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Abstract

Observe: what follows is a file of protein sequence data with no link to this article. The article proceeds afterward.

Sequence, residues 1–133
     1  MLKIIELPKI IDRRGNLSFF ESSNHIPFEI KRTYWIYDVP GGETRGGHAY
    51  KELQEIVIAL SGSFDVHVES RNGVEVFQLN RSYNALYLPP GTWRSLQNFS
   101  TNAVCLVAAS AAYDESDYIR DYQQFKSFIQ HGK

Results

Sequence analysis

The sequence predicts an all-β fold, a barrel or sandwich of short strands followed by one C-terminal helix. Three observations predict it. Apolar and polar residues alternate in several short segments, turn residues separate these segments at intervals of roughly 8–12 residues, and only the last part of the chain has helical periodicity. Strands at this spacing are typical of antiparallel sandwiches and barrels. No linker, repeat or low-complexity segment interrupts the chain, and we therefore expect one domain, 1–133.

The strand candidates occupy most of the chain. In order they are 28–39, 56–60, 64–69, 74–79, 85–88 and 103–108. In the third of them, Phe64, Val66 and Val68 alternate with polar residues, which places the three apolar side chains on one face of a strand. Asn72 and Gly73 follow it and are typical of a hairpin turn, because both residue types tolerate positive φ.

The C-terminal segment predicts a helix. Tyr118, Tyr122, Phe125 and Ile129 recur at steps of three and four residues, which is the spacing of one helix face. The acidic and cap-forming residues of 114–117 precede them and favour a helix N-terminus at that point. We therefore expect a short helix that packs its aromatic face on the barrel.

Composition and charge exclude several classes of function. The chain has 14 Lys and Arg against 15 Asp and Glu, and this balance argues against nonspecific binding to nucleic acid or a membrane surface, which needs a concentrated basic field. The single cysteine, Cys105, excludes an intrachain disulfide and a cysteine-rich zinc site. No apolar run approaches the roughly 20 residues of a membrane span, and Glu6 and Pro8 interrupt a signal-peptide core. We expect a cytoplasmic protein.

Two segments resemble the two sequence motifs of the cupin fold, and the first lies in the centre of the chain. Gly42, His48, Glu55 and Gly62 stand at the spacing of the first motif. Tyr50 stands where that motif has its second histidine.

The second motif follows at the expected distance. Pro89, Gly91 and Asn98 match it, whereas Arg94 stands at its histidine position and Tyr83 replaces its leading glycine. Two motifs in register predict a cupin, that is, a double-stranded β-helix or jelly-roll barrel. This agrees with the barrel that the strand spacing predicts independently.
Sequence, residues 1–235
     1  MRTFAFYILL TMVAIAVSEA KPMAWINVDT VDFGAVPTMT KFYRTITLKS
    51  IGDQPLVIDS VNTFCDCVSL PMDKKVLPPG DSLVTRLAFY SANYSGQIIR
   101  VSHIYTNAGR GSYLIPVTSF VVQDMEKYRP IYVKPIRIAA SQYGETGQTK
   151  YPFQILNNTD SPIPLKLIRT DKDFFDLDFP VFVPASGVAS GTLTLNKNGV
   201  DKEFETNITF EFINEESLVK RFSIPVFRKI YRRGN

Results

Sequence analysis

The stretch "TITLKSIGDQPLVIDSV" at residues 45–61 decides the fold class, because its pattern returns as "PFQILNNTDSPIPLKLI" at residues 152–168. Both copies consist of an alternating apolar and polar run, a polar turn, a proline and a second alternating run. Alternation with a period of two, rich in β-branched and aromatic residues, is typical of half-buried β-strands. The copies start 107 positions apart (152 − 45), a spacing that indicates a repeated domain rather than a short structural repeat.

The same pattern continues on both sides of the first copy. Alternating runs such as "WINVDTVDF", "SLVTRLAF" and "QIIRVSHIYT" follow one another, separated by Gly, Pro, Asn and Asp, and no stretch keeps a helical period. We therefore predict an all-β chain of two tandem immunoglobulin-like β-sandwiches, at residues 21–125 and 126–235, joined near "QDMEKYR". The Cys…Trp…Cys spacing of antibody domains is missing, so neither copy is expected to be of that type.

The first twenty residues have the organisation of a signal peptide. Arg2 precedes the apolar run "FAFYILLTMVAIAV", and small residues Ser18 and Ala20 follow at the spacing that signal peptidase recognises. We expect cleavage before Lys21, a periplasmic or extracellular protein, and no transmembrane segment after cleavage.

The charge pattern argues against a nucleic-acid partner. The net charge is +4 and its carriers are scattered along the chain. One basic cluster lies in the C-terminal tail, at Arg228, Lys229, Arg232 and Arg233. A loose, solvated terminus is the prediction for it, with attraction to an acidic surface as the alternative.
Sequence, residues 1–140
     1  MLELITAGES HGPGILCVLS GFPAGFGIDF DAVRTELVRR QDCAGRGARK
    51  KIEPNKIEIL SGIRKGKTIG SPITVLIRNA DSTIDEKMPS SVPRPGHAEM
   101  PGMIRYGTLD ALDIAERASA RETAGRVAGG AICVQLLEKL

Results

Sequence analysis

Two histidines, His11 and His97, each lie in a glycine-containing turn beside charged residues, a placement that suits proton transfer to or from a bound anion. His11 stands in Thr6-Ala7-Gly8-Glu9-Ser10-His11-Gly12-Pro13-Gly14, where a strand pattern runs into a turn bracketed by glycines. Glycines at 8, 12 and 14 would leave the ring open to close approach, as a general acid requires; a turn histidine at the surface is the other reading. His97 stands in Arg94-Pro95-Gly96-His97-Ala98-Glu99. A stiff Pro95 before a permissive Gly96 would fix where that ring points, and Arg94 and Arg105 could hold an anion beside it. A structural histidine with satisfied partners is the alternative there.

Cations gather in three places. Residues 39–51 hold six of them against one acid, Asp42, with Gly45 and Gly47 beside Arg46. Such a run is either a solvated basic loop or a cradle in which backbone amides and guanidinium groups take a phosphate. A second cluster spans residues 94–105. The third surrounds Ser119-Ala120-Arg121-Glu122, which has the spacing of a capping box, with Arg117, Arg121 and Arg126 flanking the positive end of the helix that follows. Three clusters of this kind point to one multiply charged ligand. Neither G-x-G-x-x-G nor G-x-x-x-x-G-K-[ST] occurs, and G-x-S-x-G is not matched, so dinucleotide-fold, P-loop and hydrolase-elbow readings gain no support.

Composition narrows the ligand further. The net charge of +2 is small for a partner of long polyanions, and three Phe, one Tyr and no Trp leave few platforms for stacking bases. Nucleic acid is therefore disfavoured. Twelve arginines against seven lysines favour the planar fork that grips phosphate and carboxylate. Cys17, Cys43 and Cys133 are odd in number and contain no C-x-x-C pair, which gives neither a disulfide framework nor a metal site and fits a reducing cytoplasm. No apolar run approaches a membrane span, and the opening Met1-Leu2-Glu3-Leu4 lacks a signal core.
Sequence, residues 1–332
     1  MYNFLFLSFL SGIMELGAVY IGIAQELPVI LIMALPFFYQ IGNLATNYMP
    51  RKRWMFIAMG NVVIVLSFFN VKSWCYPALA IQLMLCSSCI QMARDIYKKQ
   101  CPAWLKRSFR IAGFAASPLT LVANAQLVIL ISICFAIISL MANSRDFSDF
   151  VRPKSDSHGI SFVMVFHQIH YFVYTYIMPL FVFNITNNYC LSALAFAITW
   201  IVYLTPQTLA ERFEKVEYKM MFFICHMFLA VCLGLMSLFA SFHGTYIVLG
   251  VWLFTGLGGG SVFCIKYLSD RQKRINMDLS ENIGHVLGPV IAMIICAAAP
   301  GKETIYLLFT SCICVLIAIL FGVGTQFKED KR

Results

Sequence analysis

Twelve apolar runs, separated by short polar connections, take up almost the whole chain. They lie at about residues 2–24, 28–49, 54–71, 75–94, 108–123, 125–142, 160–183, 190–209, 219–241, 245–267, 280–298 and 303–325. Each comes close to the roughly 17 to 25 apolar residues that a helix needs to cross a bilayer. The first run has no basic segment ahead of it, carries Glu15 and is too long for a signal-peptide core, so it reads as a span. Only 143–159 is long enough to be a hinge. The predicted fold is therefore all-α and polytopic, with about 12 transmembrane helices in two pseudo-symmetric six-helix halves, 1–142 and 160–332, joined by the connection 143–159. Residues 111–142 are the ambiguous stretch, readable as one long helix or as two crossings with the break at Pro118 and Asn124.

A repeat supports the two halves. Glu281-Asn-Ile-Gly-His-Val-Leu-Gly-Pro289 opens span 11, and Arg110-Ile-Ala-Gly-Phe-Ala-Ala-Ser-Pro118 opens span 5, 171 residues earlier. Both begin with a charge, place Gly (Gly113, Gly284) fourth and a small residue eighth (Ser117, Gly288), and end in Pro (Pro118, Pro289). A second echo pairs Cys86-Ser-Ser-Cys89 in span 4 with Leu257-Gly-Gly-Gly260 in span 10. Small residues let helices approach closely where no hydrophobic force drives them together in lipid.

We report low-temperature measurements of electron decoherence time in a series of pure gold wires, 18 nm thick and 30 nm wide. At fields up to 15 T, large enough to polarize any concentration of magnetic impurity spins, conductance fluctuation measurements show almost no temperature dependence of the decoherence time below 300 mK, both in the correlation field for interference and the root-mean-square value of the fluctuations. Combined with previous low-field weak localization measurements on samples from similar material, our experiment suggests that the ubiquitous saturation of decoherence time in these samples is not due to any mechanism based on magnetic impurity spins.

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